Clinical Trial Reports

By Stanton R. Mehr
Published: Tuesday, May 25, 2010
Phase III

Quality of Life with Sunitinib or Interferon Alfa for Patients with Metastatic Renal Cell Carcinoma

The use of conventional chemotherapy in the treatment of metastatic renal cell carcinoma (mRCC) is not generally considered effective. The five-year survival rate is only as high as 20%. Targeted therapies, such as sunitinib, offer significant promise in mRCC treatment. American researchers performed an interim analysis of a multicenter trial.

The initial randomized study had found that sunitinib treatment was well tolerated and patients had significantly extended progressionfree survival and a higher objective response rate than when using interferon alfa (IFN-alfa). In the present analysis, the researchers compared the quality of life of 375 individuals who were given sunitinib (a starting dose of 50 mg/day for 4 weeks followed by 2 weeks off treatment) or 375 given IFN-alfa (subcutaneous injection on 3 nonconsecutive days/wk or with 3 million units in week 1, 6 million units in week 2, and 9 million units thereafter).

Patients completed three quality-of-life (QoL) questionnaires: (1) Functional Assessment of Cancer Therapy-Kidney Symptom Index-15 item (FKSI-15), (2) the Functional Assessment of Cancer Therapy- General (FACT-G), and (3) the EuroQol Group’s EQ- 5D. For the purposes of this study, the primary QoL endpoint was the FKSI-Disease Related Symptoms (FKSI-DRS) subscale.

For each cycle a higher (more favorable) FKSI- 15 was reported in subjects in the sunitinib group compared with the IFN-alfa group. The Table shows that sunitinib was favored across all cycles, with an overall mean difference in scores of 1.98 points for FKSI-DRS and 3.27 points for FKSI-15; both are statistically significant (P <.0001). After the first treatment cycle, within-group changes over time for postbaseline scores decreased abruptly in both FKSI- 15 and FKSI-DRS. The IFN-alfa treatment group experienced a more pronounced initial decrease, which the clinicians pointed out could be the result of the more toxic nature of IFN-alfa.

In addition to providing significantly superior efficacy when compared with IFN-alfa, sunitinib also offers a better quality of life for patients with advanced mRCC, including superior kidney cancer disease– related symptoms, the researchers concluded.

Cella D, Li JZ, Cappelleri JC, et al. Quality of life in patients with metastatic renal cell carcinoma treated with sunitinib or interferon alfa: Results from a phase III randomized trial. J Clin Oncol. 2008;26:3763-3769.

Phase II

Children’s Oncology Group Pilot Study

Inhibition of CD22 gene expression has recently been considered a promising target for certain leukemias and lymphomas. How well the humanized monoclonal antibody epratuzumab, which is directed at CD22, is tolerated in children with relapsed acute lymphoblastic leukemia (ALL) was studied by pediatricians at the New York University School of Medicine.

Patients enrolled in the study received epratuzumab 360 mg/m²/dose intravenously twice weekly for four doses, and then a combination of four weekly doses of epratuzumab and standard reinduction chemotherapy. Following the treatment period, the investigators evaluated responses morphologically and by minimal residual disease markers. They also assessed epratuzumab’s CD22 targeting efficiency, which was noted by quantifying changes in CD22 expression using flow cytometry.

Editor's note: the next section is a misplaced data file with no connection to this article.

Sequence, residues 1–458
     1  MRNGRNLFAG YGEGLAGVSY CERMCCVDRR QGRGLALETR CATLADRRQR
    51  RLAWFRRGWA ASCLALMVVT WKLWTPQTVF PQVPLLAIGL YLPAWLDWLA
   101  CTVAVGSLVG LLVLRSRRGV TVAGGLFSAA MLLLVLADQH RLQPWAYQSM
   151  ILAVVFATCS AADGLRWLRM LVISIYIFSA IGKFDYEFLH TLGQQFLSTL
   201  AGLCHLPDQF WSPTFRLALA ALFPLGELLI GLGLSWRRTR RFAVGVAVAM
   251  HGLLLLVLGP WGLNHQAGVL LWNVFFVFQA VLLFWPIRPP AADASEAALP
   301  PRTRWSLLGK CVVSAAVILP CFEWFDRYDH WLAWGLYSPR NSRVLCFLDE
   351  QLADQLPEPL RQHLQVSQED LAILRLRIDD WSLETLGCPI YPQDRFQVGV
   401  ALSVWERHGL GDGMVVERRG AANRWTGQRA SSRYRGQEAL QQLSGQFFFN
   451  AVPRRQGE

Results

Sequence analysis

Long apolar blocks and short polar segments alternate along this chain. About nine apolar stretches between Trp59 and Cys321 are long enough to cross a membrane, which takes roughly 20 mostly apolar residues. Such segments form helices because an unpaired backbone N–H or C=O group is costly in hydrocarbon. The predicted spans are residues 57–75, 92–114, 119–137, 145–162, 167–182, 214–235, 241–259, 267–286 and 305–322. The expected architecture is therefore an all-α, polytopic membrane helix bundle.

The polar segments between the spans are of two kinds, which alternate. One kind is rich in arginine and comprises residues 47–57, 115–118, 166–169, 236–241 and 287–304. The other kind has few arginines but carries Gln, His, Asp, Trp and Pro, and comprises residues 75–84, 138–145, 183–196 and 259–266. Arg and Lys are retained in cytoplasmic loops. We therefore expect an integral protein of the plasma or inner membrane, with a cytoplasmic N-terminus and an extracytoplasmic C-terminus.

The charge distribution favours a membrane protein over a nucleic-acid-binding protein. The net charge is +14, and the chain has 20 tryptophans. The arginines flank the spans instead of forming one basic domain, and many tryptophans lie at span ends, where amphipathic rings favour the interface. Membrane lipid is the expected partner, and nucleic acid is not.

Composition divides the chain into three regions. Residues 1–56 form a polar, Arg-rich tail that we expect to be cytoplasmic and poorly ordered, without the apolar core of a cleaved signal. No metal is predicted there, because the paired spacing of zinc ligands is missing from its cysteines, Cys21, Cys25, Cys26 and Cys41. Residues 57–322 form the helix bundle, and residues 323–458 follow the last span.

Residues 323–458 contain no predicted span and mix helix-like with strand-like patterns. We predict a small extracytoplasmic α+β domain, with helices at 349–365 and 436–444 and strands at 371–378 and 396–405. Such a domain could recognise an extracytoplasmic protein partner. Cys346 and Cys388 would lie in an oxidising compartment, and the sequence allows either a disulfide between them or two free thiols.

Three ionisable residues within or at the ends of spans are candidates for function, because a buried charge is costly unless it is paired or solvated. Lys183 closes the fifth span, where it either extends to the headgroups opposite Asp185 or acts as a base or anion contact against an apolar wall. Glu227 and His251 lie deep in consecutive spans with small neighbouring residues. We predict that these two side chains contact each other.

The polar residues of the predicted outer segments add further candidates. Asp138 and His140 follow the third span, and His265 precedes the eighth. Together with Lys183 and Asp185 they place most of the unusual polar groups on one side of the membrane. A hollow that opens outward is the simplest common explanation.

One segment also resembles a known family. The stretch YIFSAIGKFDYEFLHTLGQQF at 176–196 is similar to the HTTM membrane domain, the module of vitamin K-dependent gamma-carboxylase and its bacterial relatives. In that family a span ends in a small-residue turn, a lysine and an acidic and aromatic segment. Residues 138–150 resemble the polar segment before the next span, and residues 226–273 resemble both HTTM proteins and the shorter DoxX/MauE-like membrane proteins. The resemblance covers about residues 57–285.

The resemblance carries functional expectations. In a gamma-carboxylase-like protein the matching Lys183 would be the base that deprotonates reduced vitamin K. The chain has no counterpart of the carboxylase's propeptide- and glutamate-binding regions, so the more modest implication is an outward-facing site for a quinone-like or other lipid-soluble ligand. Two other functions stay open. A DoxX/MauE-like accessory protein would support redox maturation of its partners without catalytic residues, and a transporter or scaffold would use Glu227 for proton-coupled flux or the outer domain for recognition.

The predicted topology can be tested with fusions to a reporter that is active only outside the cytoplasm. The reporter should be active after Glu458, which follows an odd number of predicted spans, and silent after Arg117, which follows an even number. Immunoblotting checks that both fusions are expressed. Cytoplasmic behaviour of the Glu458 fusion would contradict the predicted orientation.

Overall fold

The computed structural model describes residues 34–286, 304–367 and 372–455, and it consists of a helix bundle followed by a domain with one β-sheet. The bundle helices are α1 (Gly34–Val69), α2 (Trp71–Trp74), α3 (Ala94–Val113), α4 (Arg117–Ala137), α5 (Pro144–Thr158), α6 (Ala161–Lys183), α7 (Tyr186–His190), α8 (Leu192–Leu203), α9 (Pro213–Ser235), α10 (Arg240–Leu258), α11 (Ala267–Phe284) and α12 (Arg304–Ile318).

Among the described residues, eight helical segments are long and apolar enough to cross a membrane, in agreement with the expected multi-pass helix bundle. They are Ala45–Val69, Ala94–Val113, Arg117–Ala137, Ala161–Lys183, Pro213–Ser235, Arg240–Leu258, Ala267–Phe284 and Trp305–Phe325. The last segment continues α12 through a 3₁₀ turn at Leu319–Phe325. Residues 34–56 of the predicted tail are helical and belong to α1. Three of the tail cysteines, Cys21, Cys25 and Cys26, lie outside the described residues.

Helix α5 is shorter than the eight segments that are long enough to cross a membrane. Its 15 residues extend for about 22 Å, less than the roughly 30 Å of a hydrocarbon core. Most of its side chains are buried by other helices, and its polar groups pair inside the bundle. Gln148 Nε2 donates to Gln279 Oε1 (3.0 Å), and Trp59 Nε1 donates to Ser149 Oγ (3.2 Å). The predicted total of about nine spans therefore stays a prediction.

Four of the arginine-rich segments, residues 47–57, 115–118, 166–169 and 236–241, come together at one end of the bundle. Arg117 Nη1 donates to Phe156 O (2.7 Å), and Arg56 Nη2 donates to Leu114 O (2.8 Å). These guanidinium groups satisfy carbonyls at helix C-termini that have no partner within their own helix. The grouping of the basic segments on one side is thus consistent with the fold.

This nonrandomized, noncontrolled study comprised 15 patients with CD22-positive ALL marrow relapse. Twelve of these individuals were fully assessable for toxicity. One seizure of unclear etiology (grade 4) and one asymptomatic alanine aminotransaminase level elevation (grade 3) were the two dose-limiting toxicities that arose.

Within 24 hours of receiving epratuzumab therapy, surface CD22 was revealed in only one patient. The clinicians pointed out that this is an indication that the drug effectively targeted the leukemic cells. When chemoimmunotherapy was complete, a complete remission was achieved in nine children, seven of whom did not have evidence of minimal residue disease.

The pediatricians concluded that epratuzumab treatment in children with relapsed CD22-positive ALL is feasible. The patients tolerated the reinduction regimen acceptably, they added, and CD22 was efficiently targeted. A majority of the patients had favorable early responses. They believe that epratuzumab should be the subject of larger-scale, randomized trials.,

Raetz EA, Cairo MS, Borowitz MJ, et al. Chemoimmunotherapy reinduction with epratuzumab in children with acute lymphoblastic leukemia in marrow relapse: A Children’s Oncology Group Pilot Study. J Clin Oncol. 2008;26:3756-3762.

Treatment with Gemcitabine and Topotecan for Ovarian, Fallopian Tube, or Primary Peritoneal Cancer

Can women with platinum-resistant ovarian or peritoneal cancer benefit from combination therapy with a nucleoside analog and topoisomerase 1 inhibitor? Past studies have yielded limited results using gemcitabine or topotecan, respectively. Therefore, treatment with weekly topotecan and gemcitabine in women with platinum- resistant or refractory ovarian or peritoneal cancer was tested by researchers from the Puget Sound Oncology Consortium, Seattle.

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